Second Try's A Charm for SpaceX and NASA

Second Try's A Charm for SpaceX and NASA

The second try was the charm for SpaceX.   Launch of Falcon 9 was successful this time at 3:44 am Eastern Daylight Time (EDT).  The first attempt on May 19 was aborted less than one second before liftoff.   This time, the SpaceX Dragon capsule reached orbit and its solar arrays unfurled right on schedule.

The goal is for Dragon to berth with the International Space Station (ISS).  It is full of supplies for the 6-person ISS crew. The next four days are full of various test maneuvers as Dragon proves that it can safely operate in the vicinity of the ISS.   If all goes well, the ISS crew will grapple Dragon with Canada’s robotic arm and pull it into a docking port.   Eighteen days later, Dragon will unberth the same way, reenter, and land in the Pacfic Ocean off the U.S. west coast.

A lot is riding on the success of this mission.  NASA is paying part of the costs for developing the Falcon 9 and Dragon, as well as Orbital Sciences Corp.’s Antares rocket and Cygnus spacecraft — which have not launched yet — as part of its Commercial Orbital Transportation Services (COTS) program, also known as “commercial cargo.”  NASA plans to buy cargo-to-ISS services from both companies now that NASA itself has no way to send cargo or crews to the ISS.  Without the space shuttle, which was terminated last year, NASA has been relying on other partners in the ISS program to provide cargo and crew transportation services.   Russia, Europe and Japan have cargo delivery systems.  Only Russia can launch crews to the ISS and bring them home.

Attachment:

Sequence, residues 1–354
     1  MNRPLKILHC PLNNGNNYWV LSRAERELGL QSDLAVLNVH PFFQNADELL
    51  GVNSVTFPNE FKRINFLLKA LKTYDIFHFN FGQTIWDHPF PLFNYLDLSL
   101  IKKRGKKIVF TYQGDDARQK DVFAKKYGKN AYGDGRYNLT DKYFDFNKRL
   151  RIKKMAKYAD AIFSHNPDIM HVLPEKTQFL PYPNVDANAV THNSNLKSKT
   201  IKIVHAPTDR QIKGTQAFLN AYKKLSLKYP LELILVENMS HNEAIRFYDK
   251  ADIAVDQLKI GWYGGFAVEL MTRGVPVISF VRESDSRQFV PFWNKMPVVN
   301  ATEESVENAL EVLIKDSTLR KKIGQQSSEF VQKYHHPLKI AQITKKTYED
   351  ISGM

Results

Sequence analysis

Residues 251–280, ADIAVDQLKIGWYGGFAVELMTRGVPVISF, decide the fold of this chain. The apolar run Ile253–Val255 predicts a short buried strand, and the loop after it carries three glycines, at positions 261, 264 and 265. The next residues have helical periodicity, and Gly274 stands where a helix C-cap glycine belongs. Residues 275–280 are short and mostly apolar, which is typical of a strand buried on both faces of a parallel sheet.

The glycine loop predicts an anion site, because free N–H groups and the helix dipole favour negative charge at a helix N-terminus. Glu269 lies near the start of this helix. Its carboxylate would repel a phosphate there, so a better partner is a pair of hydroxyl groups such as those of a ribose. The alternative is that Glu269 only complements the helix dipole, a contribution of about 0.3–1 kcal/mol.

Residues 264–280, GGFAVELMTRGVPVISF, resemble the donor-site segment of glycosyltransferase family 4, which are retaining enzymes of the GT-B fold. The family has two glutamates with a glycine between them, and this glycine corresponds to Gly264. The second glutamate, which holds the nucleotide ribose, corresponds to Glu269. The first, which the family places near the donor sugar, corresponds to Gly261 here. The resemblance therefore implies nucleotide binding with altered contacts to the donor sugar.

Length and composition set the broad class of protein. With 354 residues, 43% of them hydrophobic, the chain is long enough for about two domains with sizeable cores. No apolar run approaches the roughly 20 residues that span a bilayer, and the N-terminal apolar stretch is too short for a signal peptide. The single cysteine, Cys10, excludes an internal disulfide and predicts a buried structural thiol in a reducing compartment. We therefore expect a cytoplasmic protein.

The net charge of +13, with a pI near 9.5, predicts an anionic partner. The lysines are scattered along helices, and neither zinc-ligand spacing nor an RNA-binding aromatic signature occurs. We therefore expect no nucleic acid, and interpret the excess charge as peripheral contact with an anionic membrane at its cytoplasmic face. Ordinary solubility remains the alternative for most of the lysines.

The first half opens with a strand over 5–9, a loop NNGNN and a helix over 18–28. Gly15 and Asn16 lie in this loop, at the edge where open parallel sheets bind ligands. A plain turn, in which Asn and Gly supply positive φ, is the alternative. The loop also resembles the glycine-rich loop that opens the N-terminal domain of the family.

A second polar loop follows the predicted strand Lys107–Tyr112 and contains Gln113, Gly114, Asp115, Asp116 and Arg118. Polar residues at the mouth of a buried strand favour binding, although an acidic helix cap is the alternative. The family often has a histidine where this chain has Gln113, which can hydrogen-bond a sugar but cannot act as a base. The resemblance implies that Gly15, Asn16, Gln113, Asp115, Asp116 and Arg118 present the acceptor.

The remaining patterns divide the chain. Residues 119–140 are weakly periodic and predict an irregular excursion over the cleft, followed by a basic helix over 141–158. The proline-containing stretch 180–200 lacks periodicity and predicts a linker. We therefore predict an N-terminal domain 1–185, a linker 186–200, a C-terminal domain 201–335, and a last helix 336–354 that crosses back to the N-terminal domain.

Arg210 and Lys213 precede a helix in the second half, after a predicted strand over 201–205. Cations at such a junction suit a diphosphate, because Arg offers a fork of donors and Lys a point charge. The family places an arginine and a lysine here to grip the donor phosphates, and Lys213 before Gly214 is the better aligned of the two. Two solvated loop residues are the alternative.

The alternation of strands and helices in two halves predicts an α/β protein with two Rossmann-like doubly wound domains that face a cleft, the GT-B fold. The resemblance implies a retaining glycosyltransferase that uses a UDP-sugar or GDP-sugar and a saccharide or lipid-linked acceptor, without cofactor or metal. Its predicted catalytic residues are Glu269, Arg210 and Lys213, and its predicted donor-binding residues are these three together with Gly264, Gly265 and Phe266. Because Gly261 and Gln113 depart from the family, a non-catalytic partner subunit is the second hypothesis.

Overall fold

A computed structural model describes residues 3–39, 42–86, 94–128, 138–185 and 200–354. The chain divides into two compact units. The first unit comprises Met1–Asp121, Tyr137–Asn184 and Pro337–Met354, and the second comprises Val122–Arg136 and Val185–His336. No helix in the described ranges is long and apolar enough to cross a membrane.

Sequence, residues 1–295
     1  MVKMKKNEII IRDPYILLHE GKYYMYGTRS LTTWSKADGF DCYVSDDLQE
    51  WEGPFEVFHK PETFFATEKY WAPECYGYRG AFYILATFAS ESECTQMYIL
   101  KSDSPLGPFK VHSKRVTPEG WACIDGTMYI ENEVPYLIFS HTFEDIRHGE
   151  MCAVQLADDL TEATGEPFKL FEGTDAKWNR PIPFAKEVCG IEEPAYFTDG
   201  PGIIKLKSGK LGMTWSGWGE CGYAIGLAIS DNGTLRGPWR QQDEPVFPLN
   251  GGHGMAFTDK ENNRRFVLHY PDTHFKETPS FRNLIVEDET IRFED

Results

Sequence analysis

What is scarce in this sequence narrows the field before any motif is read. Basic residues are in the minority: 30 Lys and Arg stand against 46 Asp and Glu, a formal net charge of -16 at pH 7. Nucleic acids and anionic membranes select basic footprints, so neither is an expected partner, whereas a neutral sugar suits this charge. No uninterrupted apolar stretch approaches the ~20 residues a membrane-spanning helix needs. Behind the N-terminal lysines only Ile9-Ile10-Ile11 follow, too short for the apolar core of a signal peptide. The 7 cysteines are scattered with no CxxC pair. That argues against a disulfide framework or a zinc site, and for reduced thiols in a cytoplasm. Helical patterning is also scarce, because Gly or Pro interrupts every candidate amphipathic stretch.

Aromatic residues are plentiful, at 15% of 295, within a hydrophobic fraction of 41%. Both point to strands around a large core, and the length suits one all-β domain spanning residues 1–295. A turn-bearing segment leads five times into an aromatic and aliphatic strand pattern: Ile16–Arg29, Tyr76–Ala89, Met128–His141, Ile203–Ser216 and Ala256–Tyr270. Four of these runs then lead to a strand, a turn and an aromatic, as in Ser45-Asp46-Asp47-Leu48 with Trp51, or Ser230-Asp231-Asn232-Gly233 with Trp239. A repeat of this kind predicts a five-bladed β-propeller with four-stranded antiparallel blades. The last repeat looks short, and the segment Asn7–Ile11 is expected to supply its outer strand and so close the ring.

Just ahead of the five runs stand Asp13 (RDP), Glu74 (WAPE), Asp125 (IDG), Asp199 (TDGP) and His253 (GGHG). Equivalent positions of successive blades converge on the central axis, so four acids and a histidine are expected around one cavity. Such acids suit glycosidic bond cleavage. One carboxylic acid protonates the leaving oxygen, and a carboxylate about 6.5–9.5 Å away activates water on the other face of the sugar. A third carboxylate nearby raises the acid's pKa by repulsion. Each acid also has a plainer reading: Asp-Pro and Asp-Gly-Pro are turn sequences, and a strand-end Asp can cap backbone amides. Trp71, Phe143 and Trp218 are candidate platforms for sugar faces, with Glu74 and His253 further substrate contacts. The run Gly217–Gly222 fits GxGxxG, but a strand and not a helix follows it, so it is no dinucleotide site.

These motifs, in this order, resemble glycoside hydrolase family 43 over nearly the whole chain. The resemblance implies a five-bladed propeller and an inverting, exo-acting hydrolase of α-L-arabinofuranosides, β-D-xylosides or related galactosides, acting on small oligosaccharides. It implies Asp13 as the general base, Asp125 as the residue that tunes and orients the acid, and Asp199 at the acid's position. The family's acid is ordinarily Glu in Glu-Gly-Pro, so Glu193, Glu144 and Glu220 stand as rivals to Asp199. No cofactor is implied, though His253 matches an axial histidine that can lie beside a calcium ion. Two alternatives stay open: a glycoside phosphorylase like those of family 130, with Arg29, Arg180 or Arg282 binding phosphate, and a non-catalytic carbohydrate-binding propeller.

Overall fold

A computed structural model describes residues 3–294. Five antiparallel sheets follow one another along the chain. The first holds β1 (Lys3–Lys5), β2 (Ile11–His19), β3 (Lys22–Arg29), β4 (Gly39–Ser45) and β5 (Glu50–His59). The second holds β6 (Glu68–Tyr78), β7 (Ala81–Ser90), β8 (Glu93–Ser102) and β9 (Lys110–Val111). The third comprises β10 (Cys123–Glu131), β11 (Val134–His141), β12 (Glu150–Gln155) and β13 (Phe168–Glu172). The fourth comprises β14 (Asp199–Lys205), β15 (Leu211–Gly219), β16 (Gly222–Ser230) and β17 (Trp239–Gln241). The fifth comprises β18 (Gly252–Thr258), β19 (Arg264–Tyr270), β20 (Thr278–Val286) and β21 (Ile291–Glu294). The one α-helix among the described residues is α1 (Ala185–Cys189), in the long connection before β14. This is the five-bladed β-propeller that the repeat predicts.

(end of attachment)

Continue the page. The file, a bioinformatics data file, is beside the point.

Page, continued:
NASA also is paying for SpaceX and three other companies to develop “commercial crew” space transportation systems to take crews to and from ISS.  Such services are not expected to be ready for several years yet, however.

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